That view may seem fanciful, but it is argued seriously, for example by some former senior officials of the Trump administration.

The second possibility is that Trump’s enemies in the permanent bureaucracy simply want to prevent the president from negotiating a deal with China that would enhance his image and remove risks to economic growth.

Goldman notes that the only American politician to comment publicly on the matter has been Senator Marco Rubio, who earlier this year tried to torpedo Trump’s agreement with Xi regarding ZTE. He “celebrated the arrest” in an email to Axios. Hmm.

• Huawei is in deep trouble and not only in the US. From Reuters: “Japan plans to ban government purchases of equipment from China’s Huawei Technologies Co Ltd and ZTE Corp to beef up its defenses against intelligence leaks and cyber attacks, sources told Reuters.”

• …And: “Australia and New Zealand have already blocked Huawei from building 5G networks.”

• …And: “Britain’s BT Group said on Wednesday it was removing Huawei’s equipment from the core of its existing 3G and 4G mobile operations and would not use the company in central parts of the next network.”

• I’ll close with Professor Balding again – somewhat off-topic, but it caught my eye:

I think what most people who haven’t spent a lot of time in China don’t get is how abnormal the business, economic, financial, and negotiation climate is. People see the shiny tall glass office buildings and the Ritz and they make the assumption they get it. That’s wrong 1/n

The stories that get out in public are wild. The stories that never make it into the public are at least 10x crazier. The IP theft and theft stories you hear about in public are low hanging fruit where someone falls out of favor in Beijing. I know first hand accounts of 2/n

Flat out 10 ten digit USD thefts. Companies who have valid contracts telling a foreign partner they’re ignoring a contract and they will have them abducted or jailed if they even think about trying to enforce a contract with again 10 digit USD values. You DC/NYC debutantes 3/n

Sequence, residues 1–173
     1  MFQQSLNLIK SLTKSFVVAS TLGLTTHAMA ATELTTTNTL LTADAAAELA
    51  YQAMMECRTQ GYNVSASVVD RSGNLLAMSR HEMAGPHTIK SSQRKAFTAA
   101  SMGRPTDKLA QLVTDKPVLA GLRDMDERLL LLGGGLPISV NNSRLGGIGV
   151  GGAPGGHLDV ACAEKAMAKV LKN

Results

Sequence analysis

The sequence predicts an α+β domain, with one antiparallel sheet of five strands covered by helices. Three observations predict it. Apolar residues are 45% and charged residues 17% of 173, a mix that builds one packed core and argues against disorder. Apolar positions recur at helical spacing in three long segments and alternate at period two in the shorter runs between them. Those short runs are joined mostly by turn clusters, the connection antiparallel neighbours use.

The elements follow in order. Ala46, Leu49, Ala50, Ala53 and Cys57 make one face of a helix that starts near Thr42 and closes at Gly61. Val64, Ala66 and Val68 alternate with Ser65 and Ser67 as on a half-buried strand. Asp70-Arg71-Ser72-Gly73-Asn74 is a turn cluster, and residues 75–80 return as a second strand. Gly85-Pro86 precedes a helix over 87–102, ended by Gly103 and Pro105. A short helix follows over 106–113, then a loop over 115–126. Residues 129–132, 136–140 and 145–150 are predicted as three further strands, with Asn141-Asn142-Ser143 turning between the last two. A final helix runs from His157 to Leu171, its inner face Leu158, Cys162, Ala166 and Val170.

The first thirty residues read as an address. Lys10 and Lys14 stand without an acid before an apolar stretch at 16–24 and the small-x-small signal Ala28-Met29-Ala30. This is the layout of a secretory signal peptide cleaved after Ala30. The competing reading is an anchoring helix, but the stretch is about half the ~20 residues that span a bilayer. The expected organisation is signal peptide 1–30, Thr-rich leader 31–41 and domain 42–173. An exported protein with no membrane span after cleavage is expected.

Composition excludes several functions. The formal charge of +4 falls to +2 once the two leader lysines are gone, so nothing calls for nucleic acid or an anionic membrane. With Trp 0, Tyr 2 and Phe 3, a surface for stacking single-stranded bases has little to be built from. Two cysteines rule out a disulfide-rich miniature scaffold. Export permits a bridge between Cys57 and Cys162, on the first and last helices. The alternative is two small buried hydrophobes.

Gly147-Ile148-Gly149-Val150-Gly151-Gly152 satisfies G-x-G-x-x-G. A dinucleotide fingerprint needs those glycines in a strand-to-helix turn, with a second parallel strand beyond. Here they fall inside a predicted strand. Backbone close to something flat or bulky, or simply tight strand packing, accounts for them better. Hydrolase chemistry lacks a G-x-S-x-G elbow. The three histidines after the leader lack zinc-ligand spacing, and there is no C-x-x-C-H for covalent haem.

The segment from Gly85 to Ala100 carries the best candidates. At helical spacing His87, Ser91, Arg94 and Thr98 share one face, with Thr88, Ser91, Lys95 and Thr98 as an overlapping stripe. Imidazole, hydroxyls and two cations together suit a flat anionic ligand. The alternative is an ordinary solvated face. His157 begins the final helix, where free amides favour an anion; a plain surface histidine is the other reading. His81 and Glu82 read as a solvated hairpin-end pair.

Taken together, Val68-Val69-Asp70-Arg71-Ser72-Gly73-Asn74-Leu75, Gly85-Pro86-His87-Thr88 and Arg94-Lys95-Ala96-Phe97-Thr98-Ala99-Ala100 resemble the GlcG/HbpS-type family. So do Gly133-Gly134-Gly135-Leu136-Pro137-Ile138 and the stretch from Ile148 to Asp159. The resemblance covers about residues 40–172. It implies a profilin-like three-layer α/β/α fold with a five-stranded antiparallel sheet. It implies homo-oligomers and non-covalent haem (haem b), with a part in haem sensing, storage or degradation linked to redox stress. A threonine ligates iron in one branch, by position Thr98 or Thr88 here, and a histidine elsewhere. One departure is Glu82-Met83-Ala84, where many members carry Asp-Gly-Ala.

simply do not understand what you are dealing with.The rules are different. You think fentanyl doesn’t get various levels of state protection? Get real. You think this IP theft and gangsterism isn’t quasi official policy? Get real. You need to be realistic about your counterparty

6:14 AM – 6 Dec 2018

French insurrection

Bane Dark Night Rises speech

Open-source warfare is winning in France, as the Yellow Vests force the beleaguered President Macron to back down on his planned fuel tax hike. Here’s an interesting Marxist analysis of the current ructions, complete with some good-old-fashioned hatred of the rich and unironic usages of the term “lumpen”:

The Gilets Jaunes (yellow vest) protests in France are at a turning point. In the face of building radicalism, which now threatens the very survival of his government, Macron has changed his defiant tone and promised to “suspend” the fuel tax hike that provoked the movement. This retreat came after street battles over the weekend between thousands of protesters and the police that have left over 200 injured in Paris alone and resulted in at least one fatality.

The organised working class has begun to enter the struggle (although the labour union leaders have dragged their feet), as have students, who are occupying their institutions in solidarity and raising their own demands. But despite Macron’s attempt to defuse the situation, the explosion of anger and frustration at years of austerity and inequality has acquired a logic of its own, and it will not be easy to put the genie back in the bottle.

The events of Saturday and Sunday marked the third straight weekend of unrest in the French capital. Thousands of protesters took to the streets of Paris – while the exact figures are unclear, it is certain that over 100,000 took part in demonstrations across the country. This is fewer than came out last weekend (200,000 according to the official figures, which is a major underestimation), but the mood was far more radical, and it was clear that the demands of the movement have moved well beyond the question of the fuel tax. Amongst certain layers of the movement there is an insurrectionary and revolutionary mood. The 5,000 who marched down the Champs Élysées at midday on Saturday were shouting and carrying the slogans “Power to the People!” and “Macron resign!” Many bore the latter slogan on their vests.

Boy, that escalated quickly.